Much of the world is still reeling after the right-wing majority on the U.S. Supreme Court confirmed its decision last week to overturn Roe v. Wade, the landmark court case which for nearly 50 years constitutionally protected abortion rights.
U.S. states will now be allowed to pass legislation restricting or completely banning abortions - including in cases of rape and incest - meaning that residents in those states seeking the medical procedure will have to travel to other states, or give birth against their will. Twenty six states are expected to introduce such laws.
Progressive U.S. lawmakers, such as Alexandria Ocasio-Cortez, have warned that draconian anti-abortion laws “will kill” some people who are forced to carry pregnancies to term.
The United Nations called the Supreme Court decision a “huge blow to human rights and gender equality,” noting that “restricting access to abortion does not prevent people from seeking abortion, it simply makes it more deadly.”
In Canada, CBC News reported on the decision by broadcasting opinions from “both sides,” including a hardline anti-abortion activist with the group Campaign Life Coalition who has also written articles on a far-right social conservative website disparaging transgender rights.
The activist said she hoped the U.S. decision would mark the first step in “prohibiting all abortions, not only in the United States, but also in Canada,” and that she expected anti-abortion activists in this country to be “reinvigorated.”
Despite CBC lending equal weight to “both sides,” a Leger poll in May found that almost 80 per cent of Canadians support abortion rights, with just 14 per cent opposed.
CBC’s decision to give uncritical airtime to a hardline anti-abortion activist who is seeking to restrict reproductive rights in this country was strongly criticized.
“It's extremely disappointing that [CBC] had a leading figure from Campaign Life Coalition who is also a contributor for LifeSiteNews. CLC has actively campaigned against the 2SLGBTQ+ community. These are reactionary far-right lobbying groups.”
Last week, Prime Minister Justin Trudeau called the Supreme Court’s decision “horrific,” and said: “I want women in Canada to know that we will always stand up for your right to choose."
A key political goal of anti-abortion groups in Canada is to nominate as many candidates (almost exclusively for the Conservative Party) as possible for seats in the House of Commons, with the hope of eventually achieving an anti-abortion majority in Parliament.
Back in May, Maple contributor Jeremy Appel compiled a list of all 39 sitting MPs who have received a “green light” approval rating from CLC. All of them are Conservatives.
Abortion Rights Coalition Canada (ARCC), meanwhile, regularly publishes a list of anti-abortion MPs that was last updated in August 2021, finding that 101 MPs oppose reproductive rights, and that 16 have an “indeterminate” stance.
In total, 81 per cent of Conservative MPs and 3.2 per cent of Liberal MPs are anti-abortion, according to ARCC. The different numbers between CLC and ARCC are due to the fact that CLC applies a much more hardline criteria, whereas ARCC takes into account a broad range of factors such as voting records, public statements and participation in anti-abortion events.
Responding to the news about Roe v. Wade last week, Conservative MP Arnold Viersen said it "feels so good" knowing that the constitutional protection had been overturned.
How do abortion rights in Canada work?
In a recent article for The Maple, Jasmyne Eastmond provided a history of abortion rights in Canada. She explained:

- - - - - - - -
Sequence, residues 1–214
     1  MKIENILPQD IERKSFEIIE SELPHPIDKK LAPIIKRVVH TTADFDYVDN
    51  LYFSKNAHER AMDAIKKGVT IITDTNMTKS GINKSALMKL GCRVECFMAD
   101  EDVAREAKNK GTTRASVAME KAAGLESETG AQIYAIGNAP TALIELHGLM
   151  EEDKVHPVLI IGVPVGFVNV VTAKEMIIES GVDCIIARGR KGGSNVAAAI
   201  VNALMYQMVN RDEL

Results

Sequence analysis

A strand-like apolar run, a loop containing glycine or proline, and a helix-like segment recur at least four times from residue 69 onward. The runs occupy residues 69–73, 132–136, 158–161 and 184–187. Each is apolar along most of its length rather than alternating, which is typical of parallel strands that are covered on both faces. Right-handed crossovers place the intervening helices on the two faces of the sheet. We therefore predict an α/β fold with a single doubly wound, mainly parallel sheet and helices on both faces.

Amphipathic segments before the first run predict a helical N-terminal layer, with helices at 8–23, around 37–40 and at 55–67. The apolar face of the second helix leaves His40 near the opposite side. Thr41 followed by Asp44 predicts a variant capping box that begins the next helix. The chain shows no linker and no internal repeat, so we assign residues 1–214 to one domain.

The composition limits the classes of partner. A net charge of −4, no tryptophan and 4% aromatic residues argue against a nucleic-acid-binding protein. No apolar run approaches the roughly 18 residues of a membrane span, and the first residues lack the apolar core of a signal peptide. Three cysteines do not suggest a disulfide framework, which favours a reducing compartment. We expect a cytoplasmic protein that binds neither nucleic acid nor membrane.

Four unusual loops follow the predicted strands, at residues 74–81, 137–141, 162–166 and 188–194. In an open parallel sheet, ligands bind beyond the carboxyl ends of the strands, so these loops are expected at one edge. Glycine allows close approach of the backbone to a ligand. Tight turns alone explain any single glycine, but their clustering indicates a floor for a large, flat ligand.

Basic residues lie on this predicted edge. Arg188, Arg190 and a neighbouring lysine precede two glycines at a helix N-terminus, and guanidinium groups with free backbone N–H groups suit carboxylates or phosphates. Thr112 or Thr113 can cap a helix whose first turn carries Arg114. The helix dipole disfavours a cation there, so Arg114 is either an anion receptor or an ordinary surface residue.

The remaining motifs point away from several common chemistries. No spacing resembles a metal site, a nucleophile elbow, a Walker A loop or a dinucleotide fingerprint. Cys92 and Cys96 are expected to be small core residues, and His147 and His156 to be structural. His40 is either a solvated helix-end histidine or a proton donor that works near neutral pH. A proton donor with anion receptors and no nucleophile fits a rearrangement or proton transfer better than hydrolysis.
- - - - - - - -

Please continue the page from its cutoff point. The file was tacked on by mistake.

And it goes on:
“Currently, there are no federal laws governing abortion in Canada. Treated like any other medical procedure, abortion is publicly funded under the Canada Health Act and delivered through provincial and territorial health-care systems.”
Robyn Schwarz, a feminist writer and pro-choice activist, told Eastmond that abortion rights in Canada are primarily threatened by a lack of access caused by poor funding of the health system: “I'm very concerned and have been for a long time, but it's not because of the law. It's because of access and health-care issues,” said Schwarz.
As explained by Nora Loreto in an article for The Maple back in May:
"Even though the principles of the CHA state that Canadians must have equitable access to health services, provincial government decisions can hollow out just how equitable that access is. In the case of access to abortion, it can vary wildly across the country, and is deeply influenced by the austerity politics of the government of the day."
As a result of spending cuts in Ontario, Schwarz told The Maple, “in some hospitals, decisions were made to cut a specific number of abortions in a day, or cut the number of times an obstetrician was in the community.”
Dr. Dorothy Shaw, recently retired vice-president of medical affairs at BC Women’s Hospital, shared these concerns, adding that: “physicians and other health-care providers may indicate their conscientious objection even though abortion is legal, leading to confusion for the woman and delays in getting to services.”
Shaw explained that “Prince Edward Island did not provide abortion services until 2017,” and that Nova Scotia had regulations preventing the provision of abortions outside of hospitals.
New Brunswick still only covers surgical abortions if they are performed in hospitals, of which only three offer the service. Last year, the Canadian Civil Liberties Association (CCLA) filed a lawsuit against the New Brunswick government over its restriction of abortion access.
Last week, CCLA tweeted: “Abortion is healthcare. And we are lucky that in Canada most Canadians have access to abortion services through provincial healthcare systems.”
However, it continued, “This is not true in New Brunswick - 90% of New Brunswickers do not have adequate access to abortion services.”
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